HealthCare.gov to Offer More Tools to Help Consumers
News reports indicate that consumers may see some welcome changes when they enroll or re-enroll in a health insurance plan on HealthCare.gov on November 1. They should expect to see an upgraded web site with new tools to help them window shop and choose the best plans for them. Several of these tools are ones that we have recommended based on a study of young adults’ experiences on HealthCare.gov and tracked over the first and second enrollment periods.
The first tool is an out-of-pocket total cost estimator, into which consumers enter their expected health care use, such as number of visits and medications. This tool “does the math” for consumers to give them a rough estimate of how much they’ll pay on a yearly basis, including monthly premiums, deductibles, copayments, and coinsurances. We highlighted in a recent article that only 3 (California, Idaho & Kentucky) out of the 12 examined state-based marketplaces implemented this sort of tool in the last open enrollment period (2014-2015). California's looked like this:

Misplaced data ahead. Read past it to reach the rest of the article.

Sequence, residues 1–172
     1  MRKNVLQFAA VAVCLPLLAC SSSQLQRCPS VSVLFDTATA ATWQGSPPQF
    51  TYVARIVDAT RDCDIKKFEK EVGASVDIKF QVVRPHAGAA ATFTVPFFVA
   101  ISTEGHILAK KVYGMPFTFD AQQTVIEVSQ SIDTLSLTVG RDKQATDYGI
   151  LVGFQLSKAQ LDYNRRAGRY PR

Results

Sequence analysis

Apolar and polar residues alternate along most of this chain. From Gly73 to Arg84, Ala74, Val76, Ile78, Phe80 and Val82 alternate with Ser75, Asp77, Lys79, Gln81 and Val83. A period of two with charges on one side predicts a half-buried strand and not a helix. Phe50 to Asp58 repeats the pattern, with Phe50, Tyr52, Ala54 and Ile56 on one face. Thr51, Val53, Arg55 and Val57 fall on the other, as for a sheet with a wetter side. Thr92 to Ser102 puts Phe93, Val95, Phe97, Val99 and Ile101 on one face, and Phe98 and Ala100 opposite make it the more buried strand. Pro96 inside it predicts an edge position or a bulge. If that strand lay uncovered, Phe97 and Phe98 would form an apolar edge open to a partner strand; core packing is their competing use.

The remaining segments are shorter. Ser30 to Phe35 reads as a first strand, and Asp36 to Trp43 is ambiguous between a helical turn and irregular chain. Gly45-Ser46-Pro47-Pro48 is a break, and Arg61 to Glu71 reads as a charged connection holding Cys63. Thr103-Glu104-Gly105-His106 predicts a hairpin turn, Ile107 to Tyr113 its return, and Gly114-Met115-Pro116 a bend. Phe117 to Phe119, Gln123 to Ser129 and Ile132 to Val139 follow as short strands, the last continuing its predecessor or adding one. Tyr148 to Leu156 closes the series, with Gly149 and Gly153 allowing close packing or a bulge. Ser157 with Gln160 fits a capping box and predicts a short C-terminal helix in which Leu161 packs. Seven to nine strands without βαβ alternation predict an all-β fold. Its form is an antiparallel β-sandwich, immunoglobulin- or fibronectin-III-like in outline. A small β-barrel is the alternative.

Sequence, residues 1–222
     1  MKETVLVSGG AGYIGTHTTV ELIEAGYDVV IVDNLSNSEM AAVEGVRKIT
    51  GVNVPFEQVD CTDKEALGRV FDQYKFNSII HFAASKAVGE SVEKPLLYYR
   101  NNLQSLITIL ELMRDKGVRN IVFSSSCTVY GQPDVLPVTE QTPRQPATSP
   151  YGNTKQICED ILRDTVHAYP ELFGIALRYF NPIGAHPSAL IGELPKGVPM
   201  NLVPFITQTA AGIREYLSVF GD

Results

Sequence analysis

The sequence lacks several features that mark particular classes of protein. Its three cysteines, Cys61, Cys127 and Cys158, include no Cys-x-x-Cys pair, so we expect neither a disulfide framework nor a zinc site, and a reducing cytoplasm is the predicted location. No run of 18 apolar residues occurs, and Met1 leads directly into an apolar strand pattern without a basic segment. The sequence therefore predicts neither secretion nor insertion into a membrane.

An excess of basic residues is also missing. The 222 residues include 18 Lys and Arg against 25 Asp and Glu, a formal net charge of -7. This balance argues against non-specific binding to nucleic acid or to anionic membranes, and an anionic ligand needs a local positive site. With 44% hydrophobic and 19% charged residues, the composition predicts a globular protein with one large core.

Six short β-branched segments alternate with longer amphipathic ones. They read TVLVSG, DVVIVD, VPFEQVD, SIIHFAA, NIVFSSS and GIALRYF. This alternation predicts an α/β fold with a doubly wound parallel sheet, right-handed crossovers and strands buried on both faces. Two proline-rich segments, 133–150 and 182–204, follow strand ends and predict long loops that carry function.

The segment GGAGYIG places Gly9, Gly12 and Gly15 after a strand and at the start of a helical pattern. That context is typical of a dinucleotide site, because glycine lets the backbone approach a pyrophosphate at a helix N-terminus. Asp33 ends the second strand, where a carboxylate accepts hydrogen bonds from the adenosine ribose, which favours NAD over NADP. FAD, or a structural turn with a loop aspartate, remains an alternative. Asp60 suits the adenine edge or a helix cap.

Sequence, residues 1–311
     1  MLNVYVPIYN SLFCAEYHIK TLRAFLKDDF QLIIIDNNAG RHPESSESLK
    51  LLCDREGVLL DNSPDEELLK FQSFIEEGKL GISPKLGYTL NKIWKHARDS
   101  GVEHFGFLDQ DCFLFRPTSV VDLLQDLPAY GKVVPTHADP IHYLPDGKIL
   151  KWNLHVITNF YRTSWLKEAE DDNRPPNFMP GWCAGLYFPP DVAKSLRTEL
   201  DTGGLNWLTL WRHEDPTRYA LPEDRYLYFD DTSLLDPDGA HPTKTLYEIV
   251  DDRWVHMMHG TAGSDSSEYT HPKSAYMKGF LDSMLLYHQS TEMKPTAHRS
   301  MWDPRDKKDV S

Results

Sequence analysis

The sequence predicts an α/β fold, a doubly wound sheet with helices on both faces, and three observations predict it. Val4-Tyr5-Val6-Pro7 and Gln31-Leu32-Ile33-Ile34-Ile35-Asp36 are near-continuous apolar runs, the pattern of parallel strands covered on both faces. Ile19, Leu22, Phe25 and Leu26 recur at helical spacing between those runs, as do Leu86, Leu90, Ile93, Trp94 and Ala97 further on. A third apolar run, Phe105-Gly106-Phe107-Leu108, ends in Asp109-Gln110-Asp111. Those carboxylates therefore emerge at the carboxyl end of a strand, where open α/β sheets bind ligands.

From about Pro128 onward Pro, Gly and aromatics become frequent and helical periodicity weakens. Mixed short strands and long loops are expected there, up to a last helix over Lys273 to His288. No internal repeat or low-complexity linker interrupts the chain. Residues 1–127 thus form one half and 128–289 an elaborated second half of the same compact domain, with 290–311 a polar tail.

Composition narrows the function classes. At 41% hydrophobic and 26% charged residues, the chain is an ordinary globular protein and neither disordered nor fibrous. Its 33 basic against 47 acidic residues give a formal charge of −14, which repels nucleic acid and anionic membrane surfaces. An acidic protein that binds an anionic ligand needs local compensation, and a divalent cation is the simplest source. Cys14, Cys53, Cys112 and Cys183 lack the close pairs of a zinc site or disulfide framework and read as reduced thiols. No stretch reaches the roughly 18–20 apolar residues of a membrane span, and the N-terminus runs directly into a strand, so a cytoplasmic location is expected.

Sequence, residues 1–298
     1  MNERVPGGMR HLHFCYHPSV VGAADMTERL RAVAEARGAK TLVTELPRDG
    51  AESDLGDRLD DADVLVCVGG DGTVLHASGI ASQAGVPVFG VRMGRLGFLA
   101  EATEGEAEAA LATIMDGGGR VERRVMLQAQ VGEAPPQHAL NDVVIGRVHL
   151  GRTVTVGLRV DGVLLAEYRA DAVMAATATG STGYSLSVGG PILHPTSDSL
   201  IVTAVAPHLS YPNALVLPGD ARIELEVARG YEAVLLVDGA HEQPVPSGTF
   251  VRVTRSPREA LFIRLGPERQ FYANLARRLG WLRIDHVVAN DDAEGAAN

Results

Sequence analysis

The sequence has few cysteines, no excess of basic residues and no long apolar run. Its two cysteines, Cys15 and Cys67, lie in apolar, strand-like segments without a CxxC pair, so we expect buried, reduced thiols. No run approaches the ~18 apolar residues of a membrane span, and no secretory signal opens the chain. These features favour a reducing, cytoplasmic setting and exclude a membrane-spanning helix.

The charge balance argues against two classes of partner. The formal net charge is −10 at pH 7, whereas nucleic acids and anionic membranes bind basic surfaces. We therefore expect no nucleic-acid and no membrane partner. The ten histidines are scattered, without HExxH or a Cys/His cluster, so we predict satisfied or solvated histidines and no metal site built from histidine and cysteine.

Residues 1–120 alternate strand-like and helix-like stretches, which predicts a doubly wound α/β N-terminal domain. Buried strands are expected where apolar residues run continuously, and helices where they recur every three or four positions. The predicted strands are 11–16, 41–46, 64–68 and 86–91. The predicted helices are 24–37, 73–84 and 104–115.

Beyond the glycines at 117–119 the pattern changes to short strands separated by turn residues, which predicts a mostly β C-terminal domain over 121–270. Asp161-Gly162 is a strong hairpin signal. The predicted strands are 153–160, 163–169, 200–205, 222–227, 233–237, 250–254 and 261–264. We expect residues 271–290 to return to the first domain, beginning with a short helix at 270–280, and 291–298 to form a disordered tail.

It is also possible that HealthCare.gov will include tools that allow consumers to see if their preferred providers or hospitals are in-network across all plans. In the second open enrollment period, we found that 6 of the 12 state-based marketplaces examined offered integrated provider look-ups. Helping consumers find plans that let them continue seeing their established providers is increasingly important with the rise of narrow network plans (see here and here).
Finally, CMS is promising an improved window-shopping experience, which allows consumers to see what’s available to them before creating an account. We found the window-shopping platforms to be less robust (e.g., fewer tools and less information available) than the “real-shopping” experience that consumers could see only after entering personal and financial information to create an account.
With the promised upgrades, HealthCare.gov may more closely resemble other online shopping sites, such as Amazon.com and Zappos.com, that routinely help consumers find the best products for them. This is exactly what the young adults who shopped for insurance on HealthCare.gov asked for during its first open enrollment period. Of course, shopping for health insurance is far more complex than choosing shoes or computer. Making the web site more user-friendly will not only motivate more consumers to shop for a plan, but also help minimize the number of times consumers make poor choices (e.g., not maximizing coverage or minimizing cost given their personal health situation).